December 2002
Volume 43, Issue 13
ARVO Annual Meeting Abstract  |   December 2002
Visual Field Assessment in Conditions of Divided Attention
Author Affiliations & Notes
  • FJ Rowe
    Department of Orthoptics
    University of Liverpool Liverpool United Kingdom
  • PC Knox
    Department of Orthoptics
    University of Liverpool Liverpool United Kingdom
  • AC Fisher
    Department of Clinical Engineering
    University of Liverpool Liverpool United Kingdom
  • Footnotes
    Commercial Relationships    F.J. Rowe, Carl Zeiss Ltd. F; P.C. Knox, None; A.C. Fisher, None.
Investigative Ophthalmology & Visual Science December 2002, Vol.43, 4725. doi:
  • Views
  • Share
  • Tools
    • Alerts
      This feature is available to authenticated users only.
      Sign In or Create an Account ×
    • Get Citation

      FJ Rowe, PC Knox, AC Fisher; Visual Field Assessment in Conditions of Divided Attention . Invest. Ophthalmol. Vis. Sci. 2002;43(13):4725.

      Download citation file:

      © ARVO (1962-2015); The Authors (2016-present)

  • Supplements

Abstract: : Purpose: Visual performance is impaired under conditions of divided attention although most standard tests of vision do not take this into account. The aim of this study was to develop a divided attention (DA) version of a standard visual field test. We then compared performance between standard and DA conditions. Methods: Two lasers projected small spots to either the left or right of a standard fixation target in a Humphrey Field Analyzer (Series VI). In DA conditions, in addition to responding to the peripheral targets, subjects responded to asynchronously-presented central laser spots with a second hand-held response button. Manual response time to central targets and the visual field were recorded. The central detection and visual field tests were also run separately, and manual response time and visual field recorded respectively. Ten young subjects (aged 18-35 years) with normal vision and baseline fields were assessed. Results: The mean test time for the standard 30-2 threshold programme increased slightly in DA conditions (8.120.85 vs. 8.480.92 mins, p=0.333). There were no significant differences in the mean threshold values of standard versus modified visual fields. The mean manual response time for the central detection task increased significantly when combined with the visual field threshold programme (344.9849.7 vs. 492.839.49 secs, p=0.005). Conclusion: When visual field and central detection tasks are combined visual fields are not compromised, although the time taken to complete the task increases slightly. It remains to be seen whether this is also the case with a more demanding central task (e.g. a discrimination task). Visual function declines from early middle age accompanied by increased reaction times, general psychomotor slowing and cognitive changes relating to attention. This may lead to a reduced ability to perform two tasks simultaneously. The next stage of this study will be to investigate the effect of divided attention on visual fields in a group of elderly subjects.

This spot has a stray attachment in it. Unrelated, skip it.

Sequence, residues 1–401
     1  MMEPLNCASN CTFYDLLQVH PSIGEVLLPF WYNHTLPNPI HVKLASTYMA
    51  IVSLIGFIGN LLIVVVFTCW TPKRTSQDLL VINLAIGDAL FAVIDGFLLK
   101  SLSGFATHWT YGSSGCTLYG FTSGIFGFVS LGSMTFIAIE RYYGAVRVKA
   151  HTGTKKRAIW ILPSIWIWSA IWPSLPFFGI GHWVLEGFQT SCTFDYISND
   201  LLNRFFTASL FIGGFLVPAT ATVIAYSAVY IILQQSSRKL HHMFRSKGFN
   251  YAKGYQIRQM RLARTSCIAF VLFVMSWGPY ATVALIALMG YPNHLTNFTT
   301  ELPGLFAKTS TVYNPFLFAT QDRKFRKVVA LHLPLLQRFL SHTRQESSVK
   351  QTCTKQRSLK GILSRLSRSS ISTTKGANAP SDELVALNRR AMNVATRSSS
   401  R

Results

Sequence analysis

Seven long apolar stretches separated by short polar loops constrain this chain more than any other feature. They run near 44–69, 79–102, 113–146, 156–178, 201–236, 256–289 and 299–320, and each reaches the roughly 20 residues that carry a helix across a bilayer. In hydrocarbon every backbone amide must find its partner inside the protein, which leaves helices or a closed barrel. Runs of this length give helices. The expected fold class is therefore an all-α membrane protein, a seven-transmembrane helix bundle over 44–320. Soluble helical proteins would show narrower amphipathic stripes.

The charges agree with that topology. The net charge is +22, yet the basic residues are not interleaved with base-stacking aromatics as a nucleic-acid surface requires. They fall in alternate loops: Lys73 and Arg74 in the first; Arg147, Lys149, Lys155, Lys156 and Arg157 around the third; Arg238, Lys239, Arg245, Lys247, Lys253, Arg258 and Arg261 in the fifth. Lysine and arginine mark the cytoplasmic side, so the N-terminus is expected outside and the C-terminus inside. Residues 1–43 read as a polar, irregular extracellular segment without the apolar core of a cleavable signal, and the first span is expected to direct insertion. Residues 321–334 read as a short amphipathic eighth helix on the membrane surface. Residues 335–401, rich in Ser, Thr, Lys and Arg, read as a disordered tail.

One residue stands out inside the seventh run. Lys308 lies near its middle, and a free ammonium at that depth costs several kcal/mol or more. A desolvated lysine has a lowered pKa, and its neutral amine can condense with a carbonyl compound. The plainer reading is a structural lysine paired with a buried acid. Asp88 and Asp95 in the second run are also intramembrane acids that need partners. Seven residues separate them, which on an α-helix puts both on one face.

Keywords: 624 visual fields • 310 aging: visual performance • 356 clinical (human) or epidemiologic studies: systems/equipment/techniques 

This PDF is available to Subscribers Only

Sign in or purchase a subscription to access this content. ×

You must be signed into an individual account to use this feature.